The revision also said, "the requirements of this Regulation should apply to crypto-asset service providers whenever their transactions [...] involve a traditional wire transfer or a transfer of crypto-assets involving a crypto-asset service provider."

Those requirements include the following:

"The crypto-asset service provider of the originator should ensure that transfers of crypto-assets are accompanied by the name of the originator, the originator’s account number, where such an account exists and is used to process the transaction, and the originator’s address, official personal document number, customer identification number or date and place of birth. In addition, the crypto-asset service provider of the originator should also ensure that transfers of crypto-assets are accompanied by the name of the beneficiary and the beneficiary’s account number, where such an account exists and is used to process the transaction."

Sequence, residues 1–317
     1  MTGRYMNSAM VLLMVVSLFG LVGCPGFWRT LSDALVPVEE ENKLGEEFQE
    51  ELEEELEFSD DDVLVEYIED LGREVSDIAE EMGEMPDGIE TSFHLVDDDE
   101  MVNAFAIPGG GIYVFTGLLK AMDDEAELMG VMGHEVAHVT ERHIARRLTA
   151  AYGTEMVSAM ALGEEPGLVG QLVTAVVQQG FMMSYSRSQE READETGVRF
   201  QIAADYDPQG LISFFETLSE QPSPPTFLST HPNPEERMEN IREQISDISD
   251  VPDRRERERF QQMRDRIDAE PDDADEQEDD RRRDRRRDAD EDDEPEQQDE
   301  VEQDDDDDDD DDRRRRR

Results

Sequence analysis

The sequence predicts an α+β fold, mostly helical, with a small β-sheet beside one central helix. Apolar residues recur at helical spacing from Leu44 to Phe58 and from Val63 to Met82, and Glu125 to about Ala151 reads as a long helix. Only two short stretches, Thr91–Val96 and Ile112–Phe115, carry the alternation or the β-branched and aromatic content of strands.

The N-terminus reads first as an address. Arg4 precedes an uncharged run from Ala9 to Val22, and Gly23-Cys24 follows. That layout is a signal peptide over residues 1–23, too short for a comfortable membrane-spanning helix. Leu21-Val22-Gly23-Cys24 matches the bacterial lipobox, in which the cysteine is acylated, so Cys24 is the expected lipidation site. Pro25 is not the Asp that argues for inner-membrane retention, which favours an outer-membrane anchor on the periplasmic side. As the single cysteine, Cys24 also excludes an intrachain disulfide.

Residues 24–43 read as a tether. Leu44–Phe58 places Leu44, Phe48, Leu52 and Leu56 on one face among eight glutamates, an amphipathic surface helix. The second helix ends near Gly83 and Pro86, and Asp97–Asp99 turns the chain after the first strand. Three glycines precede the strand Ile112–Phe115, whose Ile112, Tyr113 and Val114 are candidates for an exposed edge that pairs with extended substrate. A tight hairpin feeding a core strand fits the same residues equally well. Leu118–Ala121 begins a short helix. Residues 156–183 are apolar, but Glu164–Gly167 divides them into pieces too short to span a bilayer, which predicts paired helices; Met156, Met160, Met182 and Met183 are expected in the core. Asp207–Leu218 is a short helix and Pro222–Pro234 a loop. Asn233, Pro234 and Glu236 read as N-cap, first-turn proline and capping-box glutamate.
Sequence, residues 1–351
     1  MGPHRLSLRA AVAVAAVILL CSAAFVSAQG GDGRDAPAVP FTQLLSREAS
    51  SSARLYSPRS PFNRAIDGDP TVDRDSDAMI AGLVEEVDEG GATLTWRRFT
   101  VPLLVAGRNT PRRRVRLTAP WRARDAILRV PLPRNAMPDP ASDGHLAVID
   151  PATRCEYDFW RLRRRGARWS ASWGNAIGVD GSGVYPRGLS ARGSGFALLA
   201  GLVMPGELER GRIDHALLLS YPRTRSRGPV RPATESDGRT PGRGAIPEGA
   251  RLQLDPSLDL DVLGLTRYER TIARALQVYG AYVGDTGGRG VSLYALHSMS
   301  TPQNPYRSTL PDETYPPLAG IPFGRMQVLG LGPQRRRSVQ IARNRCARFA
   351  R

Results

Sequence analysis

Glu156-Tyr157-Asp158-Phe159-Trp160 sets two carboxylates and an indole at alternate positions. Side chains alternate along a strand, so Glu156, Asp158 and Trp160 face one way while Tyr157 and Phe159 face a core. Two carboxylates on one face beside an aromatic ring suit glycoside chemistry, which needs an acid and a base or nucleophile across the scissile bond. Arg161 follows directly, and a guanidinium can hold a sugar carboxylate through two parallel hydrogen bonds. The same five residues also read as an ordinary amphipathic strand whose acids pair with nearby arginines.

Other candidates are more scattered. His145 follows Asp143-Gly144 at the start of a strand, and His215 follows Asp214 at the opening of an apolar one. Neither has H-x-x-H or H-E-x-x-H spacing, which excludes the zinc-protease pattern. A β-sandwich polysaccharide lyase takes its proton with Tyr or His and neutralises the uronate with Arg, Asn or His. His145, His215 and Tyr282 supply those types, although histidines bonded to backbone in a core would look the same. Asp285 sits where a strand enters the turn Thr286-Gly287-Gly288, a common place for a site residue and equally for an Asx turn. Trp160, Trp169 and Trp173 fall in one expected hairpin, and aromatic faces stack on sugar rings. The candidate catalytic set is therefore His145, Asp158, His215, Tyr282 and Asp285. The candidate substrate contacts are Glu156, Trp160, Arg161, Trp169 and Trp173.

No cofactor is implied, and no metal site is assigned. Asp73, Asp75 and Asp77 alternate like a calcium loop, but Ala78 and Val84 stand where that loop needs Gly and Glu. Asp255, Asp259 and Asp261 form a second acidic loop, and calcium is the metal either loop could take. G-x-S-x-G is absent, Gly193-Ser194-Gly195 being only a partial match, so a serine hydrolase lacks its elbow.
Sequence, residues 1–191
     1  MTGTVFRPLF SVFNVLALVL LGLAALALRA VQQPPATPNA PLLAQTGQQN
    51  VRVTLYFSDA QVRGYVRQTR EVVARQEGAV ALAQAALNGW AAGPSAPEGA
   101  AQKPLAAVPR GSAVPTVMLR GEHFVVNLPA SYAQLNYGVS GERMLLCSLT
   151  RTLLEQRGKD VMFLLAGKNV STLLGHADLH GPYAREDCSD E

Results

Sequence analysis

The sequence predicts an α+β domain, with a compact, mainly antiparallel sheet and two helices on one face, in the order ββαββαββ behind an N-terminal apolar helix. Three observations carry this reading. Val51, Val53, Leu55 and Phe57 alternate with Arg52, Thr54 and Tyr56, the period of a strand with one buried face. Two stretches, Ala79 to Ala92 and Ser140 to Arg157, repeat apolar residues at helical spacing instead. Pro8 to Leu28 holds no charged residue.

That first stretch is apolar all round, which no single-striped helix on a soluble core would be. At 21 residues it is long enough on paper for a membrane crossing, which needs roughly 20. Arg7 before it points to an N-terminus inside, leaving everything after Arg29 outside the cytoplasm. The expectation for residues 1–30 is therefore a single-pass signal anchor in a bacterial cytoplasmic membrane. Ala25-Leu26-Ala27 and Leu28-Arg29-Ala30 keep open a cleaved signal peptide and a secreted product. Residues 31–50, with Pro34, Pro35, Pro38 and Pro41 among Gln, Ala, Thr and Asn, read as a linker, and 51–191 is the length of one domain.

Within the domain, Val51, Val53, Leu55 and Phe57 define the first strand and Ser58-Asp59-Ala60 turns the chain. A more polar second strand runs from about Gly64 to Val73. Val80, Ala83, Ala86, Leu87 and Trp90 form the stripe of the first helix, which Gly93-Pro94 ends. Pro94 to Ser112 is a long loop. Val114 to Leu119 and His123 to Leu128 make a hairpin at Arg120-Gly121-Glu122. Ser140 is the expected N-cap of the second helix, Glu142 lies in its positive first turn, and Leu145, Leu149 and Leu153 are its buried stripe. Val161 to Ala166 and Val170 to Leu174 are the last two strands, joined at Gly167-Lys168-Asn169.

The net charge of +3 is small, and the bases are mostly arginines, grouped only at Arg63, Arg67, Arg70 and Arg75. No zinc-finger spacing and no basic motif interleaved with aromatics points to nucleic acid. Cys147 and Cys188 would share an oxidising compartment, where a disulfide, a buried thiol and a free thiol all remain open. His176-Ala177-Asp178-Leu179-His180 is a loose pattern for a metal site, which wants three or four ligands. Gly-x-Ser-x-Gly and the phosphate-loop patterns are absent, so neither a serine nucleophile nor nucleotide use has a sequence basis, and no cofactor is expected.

Similar requirements were made of the beneficiary's service provider but in the opposite direction. (Meaning those service providers are required to make sure all the relevant information was provided by the originator's service provider.)

The BBC reported that the proposal must be approved by the EU's member states and the European Parliament before it could become law. This process could take up to two years, per the report, which gives people a while to prepare for the changes.

  • daworstplaya
    Would be much better if they just banned Crypto but still this could be the beginning of the end. Fingers crossed.
    Reply
  • spongiemaster
    daworstplaya said: